It is the year 1230, I am a student and I am hungry

Some might think that the student in search of funding opportunities is the product of the modern world. One will be surprised to learn that the same pecuniary insecurity touched the medieval student at a time when the university had just emerged as an institution. In the 13th century, the Italian, French and then English schools drew on the urban system of corporation and guilds to establish themselves as academic enclaves, both dependent and independent but certainly proud of the culture that was being constructed around them. In such an environment, the student, freshly arrived in town (much early recruitment was village-based), found it hard to support himself (no girls were allowed entry as it was a male institution toiling under the direct patronage of the Pope). Money was not easy to come by, especially in the absence of funding trusts, AHRCs, etc. To make things short, any money was to be provided from private… pouches. Most students found providential patronage from rich relatives or masters of whom they became, upon their matriculation at the university, the equivalent of the guild apprentice. It’s the origin of the tutor most undergraduates today need to sign up with at the beginning of the academic year. It was from such a master that an anonymous student left us a letter and with it a glimpse into the griefs and challenges of medieval studentship when money was concerned.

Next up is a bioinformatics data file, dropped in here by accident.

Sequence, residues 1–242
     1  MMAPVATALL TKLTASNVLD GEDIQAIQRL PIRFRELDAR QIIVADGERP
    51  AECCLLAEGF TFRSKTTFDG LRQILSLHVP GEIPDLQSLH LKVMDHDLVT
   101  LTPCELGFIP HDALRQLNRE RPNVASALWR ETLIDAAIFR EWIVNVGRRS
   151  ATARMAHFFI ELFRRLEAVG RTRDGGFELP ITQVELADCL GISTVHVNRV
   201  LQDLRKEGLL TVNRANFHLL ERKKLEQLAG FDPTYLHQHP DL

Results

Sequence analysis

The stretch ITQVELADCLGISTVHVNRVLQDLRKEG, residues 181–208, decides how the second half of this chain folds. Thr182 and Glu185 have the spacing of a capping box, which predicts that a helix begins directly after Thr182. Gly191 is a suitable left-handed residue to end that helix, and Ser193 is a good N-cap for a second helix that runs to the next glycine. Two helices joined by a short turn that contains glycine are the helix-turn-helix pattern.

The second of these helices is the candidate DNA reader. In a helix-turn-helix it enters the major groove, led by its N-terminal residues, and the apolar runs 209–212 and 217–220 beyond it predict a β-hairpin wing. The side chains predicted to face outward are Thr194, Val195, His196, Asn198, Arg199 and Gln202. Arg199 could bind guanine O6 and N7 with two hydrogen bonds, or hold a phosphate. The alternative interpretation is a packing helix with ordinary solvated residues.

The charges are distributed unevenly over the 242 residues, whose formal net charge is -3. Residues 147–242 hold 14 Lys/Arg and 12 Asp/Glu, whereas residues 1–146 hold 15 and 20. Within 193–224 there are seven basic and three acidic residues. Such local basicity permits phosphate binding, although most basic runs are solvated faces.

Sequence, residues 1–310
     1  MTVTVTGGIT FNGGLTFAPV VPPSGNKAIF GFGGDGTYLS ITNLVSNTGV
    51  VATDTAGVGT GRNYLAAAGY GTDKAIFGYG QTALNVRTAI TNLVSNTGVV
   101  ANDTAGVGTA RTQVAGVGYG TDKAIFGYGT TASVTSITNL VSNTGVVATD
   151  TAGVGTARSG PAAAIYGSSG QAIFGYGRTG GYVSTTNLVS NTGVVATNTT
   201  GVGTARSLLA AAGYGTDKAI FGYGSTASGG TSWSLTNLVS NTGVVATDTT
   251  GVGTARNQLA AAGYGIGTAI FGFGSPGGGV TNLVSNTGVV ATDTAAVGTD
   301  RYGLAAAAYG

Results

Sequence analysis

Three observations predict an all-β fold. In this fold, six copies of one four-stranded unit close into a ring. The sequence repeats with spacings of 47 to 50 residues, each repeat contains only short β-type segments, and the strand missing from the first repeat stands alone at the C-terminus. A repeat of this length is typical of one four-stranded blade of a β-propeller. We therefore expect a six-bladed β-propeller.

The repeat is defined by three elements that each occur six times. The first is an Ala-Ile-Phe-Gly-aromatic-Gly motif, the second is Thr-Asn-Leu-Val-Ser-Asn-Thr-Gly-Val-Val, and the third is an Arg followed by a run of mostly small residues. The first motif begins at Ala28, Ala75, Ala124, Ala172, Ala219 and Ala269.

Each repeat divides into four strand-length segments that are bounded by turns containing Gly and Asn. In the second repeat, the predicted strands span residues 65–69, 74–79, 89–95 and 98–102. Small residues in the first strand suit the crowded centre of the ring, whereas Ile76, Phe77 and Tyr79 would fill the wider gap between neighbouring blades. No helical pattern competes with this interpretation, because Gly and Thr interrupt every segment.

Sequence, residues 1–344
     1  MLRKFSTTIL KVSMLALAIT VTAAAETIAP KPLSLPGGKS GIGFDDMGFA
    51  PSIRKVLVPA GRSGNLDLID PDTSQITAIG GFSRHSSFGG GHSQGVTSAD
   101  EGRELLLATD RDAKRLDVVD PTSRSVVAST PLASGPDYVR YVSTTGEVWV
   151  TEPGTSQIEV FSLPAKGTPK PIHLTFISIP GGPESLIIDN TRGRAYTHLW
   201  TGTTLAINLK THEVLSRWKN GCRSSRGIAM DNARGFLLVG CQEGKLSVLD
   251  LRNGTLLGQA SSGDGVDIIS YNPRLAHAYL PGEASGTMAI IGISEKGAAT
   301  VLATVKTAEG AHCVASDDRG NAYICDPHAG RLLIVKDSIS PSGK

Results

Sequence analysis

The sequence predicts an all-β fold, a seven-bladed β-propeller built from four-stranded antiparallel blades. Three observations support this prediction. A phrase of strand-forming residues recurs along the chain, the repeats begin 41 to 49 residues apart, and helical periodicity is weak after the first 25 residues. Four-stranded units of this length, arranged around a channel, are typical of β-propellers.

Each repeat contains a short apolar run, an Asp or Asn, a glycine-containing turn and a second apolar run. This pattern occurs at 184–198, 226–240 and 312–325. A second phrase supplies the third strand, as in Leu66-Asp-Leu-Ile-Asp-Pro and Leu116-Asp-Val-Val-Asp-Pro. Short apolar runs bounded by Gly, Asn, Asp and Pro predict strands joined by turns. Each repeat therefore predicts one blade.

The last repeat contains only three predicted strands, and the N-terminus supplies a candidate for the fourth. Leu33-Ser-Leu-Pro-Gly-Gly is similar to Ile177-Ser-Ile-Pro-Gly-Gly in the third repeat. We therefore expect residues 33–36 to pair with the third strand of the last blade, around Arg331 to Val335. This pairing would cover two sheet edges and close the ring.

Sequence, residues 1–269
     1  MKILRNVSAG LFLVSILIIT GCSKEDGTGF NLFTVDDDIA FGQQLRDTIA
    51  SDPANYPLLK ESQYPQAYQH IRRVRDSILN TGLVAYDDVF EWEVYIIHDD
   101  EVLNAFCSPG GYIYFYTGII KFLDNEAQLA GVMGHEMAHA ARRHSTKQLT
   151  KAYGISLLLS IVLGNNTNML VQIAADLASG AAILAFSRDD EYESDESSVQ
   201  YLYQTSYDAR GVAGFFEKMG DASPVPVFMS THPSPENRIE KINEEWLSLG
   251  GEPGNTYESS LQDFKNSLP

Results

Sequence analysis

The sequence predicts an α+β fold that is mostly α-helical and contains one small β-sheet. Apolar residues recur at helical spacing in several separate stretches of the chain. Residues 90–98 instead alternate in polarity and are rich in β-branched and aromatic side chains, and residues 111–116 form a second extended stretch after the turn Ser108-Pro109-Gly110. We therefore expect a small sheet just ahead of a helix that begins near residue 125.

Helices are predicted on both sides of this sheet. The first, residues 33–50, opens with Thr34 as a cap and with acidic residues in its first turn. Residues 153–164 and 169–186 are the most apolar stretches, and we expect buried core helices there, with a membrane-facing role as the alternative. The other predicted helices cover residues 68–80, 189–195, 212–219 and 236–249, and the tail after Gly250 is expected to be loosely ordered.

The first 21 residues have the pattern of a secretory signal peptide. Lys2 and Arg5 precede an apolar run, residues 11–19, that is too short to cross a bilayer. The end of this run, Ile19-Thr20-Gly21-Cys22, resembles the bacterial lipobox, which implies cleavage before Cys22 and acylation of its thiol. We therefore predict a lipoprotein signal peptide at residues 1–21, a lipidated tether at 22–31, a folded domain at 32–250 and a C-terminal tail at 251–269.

“B. to his venerable master A., greeting. This is to inform you that I am studying at Oxford with the greatest diligence, but the matter of money stands greatly in the way of my promotion, as it is now two months since I spent the last of what you sent me. The city is expensive and makes many demands; I have to rent lodgings, buy necessaries, and provide for many other things which I cannot now specify. Wherefore I respectfully beg your paternity that by the promptings of divine pity you may assist me, so that I may be able to complete what I have well begun. For you must know that without Ceres and Bacchus Apollo grows cold”

Written around 1220.

Now, how many students today would not claim solidarity with our poor Oxonian? I fear that given the current state of the academic world, it is more a question of Bacchus keeping students warm at night that Ceres providing for their thrumming stomach, although she and her sisters sow their wild oats, most plentifully.

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